Jerusalem food and company on a Saturday afternoon

As most eateries in Jerusalem are kosher and closed during the weekend, finding a reasonable restaurant to dine at on a Saturday afternoon might be a challenging task for an accidental visitor.

August 30, 2007 16:39
2 minute read.
Jerusalem food and company on a Saturday afternoon

rivaleh. (photo credit: )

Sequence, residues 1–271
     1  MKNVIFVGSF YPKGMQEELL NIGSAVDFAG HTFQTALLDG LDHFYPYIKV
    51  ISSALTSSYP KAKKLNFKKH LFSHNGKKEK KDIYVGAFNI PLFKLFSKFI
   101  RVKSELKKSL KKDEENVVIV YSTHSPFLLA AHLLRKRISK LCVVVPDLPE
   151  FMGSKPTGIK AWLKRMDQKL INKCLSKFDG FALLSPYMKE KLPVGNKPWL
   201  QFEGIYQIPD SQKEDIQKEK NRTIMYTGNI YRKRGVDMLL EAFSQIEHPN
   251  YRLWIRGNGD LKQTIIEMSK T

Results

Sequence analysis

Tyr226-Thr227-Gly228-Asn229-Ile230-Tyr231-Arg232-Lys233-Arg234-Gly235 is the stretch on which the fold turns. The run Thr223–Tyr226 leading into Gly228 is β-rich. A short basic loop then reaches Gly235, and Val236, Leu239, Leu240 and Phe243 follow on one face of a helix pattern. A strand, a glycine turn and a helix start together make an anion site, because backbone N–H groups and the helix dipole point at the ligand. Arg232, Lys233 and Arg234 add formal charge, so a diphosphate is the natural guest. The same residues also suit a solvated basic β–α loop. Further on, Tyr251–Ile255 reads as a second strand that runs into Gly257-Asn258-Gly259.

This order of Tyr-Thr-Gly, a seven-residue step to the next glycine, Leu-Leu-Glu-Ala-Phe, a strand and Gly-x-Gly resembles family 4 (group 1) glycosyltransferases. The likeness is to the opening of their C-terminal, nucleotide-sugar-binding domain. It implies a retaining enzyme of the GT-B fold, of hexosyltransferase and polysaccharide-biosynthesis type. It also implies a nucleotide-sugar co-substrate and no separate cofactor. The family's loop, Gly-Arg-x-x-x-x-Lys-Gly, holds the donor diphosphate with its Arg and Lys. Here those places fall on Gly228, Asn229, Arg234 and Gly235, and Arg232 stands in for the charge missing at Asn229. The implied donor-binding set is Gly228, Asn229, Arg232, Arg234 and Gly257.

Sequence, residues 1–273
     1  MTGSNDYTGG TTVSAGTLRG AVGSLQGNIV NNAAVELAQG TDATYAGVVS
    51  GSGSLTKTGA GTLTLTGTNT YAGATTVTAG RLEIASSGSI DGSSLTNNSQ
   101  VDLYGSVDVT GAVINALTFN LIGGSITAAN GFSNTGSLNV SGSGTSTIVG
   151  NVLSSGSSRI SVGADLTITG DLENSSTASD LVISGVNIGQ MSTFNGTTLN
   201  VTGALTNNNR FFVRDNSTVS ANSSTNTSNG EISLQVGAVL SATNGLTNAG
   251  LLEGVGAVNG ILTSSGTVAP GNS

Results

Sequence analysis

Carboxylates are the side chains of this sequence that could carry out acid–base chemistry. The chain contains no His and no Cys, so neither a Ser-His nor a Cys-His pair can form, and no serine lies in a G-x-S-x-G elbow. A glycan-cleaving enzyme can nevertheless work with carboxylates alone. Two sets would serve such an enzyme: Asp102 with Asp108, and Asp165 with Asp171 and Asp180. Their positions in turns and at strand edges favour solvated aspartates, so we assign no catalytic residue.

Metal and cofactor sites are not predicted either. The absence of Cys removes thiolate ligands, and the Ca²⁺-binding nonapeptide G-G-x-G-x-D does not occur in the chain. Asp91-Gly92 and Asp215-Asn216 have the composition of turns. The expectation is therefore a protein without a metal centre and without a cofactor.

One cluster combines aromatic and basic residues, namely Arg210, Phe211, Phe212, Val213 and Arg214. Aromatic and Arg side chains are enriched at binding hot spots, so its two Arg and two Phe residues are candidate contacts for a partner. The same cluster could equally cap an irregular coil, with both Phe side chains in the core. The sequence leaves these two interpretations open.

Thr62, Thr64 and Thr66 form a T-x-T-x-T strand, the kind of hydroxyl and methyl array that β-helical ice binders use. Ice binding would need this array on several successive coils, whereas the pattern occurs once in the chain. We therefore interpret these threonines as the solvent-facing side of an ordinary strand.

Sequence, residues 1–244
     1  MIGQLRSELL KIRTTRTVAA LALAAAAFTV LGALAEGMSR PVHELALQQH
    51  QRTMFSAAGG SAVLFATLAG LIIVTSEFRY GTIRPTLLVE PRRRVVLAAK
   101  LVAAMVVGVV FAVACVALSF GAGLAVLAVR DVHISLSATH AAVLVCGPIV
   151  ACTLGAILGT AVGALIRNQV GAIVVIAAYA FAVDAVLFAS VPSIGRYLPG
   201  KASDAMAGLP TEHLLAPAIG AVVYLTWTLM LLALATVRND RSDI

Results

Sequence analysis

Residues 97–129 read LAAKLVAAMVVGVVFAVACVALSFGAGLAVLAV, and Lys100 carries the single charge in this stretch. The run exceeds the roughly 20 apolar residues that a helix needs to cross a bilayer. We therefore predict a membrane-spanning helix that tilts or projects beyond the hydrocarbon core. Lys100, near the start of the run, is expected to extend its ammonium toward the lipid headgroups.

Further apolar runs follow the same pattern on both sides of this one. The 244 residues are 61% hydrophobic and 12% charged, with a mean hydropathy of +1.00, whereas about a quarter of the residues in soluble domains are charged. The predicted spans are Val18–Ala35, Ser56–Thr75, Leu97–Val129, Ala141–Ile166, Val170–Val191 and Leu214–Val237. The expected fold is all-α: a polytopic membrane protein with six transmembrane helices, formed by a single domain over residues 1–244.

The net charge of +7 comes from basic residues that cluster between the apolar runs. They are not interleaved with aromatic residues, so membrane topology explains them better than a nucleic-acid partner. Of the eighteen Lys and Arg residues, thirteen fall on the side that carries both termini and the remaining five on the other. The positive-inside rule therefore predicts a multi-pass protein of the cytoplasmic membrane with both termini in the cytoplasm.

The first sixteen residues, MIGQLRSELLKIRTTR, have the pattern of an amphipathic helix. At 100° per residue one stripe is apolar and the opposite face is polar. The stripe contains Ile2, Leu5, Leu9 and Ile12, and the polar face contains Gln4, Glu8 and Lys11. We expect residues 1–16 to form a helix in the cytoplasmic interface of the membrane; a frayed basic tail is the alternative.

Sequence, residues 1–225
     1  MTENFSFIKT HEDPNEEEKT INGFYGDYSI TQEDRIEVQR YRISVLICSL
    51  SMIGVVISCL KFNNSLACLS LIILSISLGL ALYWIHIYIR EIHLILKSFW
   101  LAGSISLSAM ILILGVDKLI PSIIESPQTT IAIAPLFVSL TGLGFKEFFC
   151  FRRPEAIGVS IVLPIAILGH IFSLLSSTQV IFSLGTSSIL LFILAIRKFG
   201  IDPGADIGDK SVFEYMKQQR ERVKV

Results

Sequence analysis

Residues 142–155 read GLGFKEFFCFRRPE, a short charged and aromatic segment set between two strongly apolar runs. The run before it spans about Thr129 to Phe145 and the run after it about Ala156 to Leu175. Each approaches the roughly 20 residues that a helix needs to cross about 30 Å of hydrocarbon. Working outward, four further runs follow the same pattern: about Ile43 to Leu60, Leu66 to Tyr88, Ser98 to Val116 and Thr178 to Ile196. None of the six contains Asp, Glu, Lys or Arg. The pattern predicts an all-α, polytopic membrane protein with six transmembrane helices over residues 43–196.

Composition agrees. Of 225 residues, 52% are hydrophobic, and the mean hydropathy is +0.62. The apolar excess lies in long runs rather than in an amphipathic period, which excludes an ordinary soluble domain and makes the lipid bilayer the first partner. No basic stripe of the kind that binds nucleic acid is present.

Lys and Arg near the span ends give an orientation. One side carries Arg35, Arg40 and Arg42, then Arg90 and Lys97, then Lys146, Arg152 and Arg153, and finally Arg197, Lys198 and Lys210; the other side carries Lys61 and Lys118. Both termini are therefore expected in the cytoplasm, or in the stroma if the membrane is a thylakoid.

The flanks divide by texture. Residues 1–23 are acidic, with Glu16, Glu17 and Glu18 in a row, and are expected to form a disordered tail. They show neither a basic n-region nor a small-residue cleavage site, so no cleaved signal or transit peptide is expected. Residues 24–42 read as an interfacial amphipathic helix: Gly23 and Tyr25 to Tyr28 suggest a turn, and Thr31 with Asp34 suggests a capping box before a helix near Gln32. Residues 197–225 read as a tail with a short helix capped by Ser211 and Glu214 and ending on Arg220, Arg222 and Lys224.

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As most eateries in Jerusalem are kosher and closed during the weekend, finding a reasonable restaurant to dine at on a Saturday afternoon might be a challenging task for an accidental visitor. If you decide on surprising your family or friends by picking them up for a Saturday morning tour of the holy city, this is the time of year when they'll most appreciate it. The heat waves at the coastal area are unbearable, and a breath of mountain air can only be good for them. But regardless of how beautiful the ancient walls look or how exciting it is wandering among the narrow alleys of the Old City, by noon your stomach will start to rumble. And if by now you haven't given in to the vendors offering piles of baqlawa or bagels, and a good meal is what you're looking for, be prepared. On Saturday afternoons, downtown Jerusalem resembles a ghost town. It won't take you long to figure out a few things that we Jerusalemites take for granted. Cavalier is overpriced; Arcadia is almost always fully booked; and Foccacia Bar, for numerous reasons, just isn't relevant. Asking locals at kiosks for a suitable place to satisfy your hunger will bring you to the realization that the German Colony might be the best way to go. Full of hope, you head out in that direction, while your co-sojourners make skeptical faces. Driving down Emek Refaim Street, you begin to wonder if you're not lost - and just at the point where you're about to follow the advice heard an hour ago from the back of the car and ride out to Abu Ghosh for that locale's famously authentic hummus, you reach the recently opened bistro Rivah'le, located toward the middle of that trendy thoroughfare. One of the city's few non-kosher establishments, Rivah'le is a crowd-pleasing restaurant with cozy décor and youthful vibes. As an escape for locals looking for some company and a quick meal, Rivah'le awards this yuppie neighborhood - often compared to Tel Aviv's Sheinkin Street - with something that in fact never existed here before: ambiance. No wonder the place has turned so quickly into a hot spot, buzzing not only on weekends but on any day of the week. So if high-level noise doesn't bother you and being squeezed around a tiny table for four that won't even fit two is not a problem, then Rivah'le is the place for you. From a variety of fresh salads to pasta dishes, and from an array of toasts to grilled sandwiches and a short wine list, this eatery has a reasonably priced menu and attentive staff to serve you from early morning until the wee hours. Rivah'le, 38 Emek Refaim St., Jerusalem; open daily from 7 a.m. to 2 a.m.; (02) 561-7833; not kosher.

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